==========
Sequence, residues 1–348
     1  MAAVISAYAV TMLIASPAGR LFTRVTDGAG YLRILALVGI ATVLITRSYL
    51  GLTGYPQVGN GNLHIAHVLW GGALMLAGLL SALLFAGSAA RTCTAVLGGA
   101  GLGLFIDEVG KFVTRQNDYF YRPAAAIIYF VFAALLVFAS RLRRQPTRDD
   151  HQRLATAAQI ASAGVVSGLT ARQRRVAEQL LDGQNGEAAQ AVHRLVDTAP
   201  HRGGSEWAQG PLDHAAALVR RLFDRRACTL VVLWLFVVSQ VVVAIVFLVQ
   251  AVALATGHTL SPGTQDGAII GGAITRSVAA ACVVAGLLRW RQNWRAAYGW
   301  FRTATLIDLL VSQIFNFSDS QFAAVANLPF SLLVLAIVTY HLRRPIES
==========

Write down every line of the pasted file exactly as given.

Sequence, residues 1–348
     1  MAAVISAYAV TMLIASPAGR LFTRVTDGAG YLRILALVGI ATVLITRSYL
    51  GLTGYPQVGN GNLHIAHVLW GGALMLAGLL SALLFAGSAA RTCTAVLGGA
   101  GLGLFIDEVG KFVTRQNDYF YRPAAAIIYF VFAALLVFAS RLRRQPTRDD
   151  HQRLATAAQI ASAGVVSGLT ARQRRVAEQL LDGQNGEAAQ AVHRLVDTAP
   201  HRGGSEWAQG PLDHAAALVR RLFDRRACTL VVLWLFVVSQ VVVAIVFLVQ
   251  AVALATGHTL SPGTQDGAII GGAITRSVAA ACVVAGLLRW RQNWRAAYGW
   301  FRTATLIDLL VSQIFNFSDS QFAAVANLPF SLLVLAIVTY HLRRPIES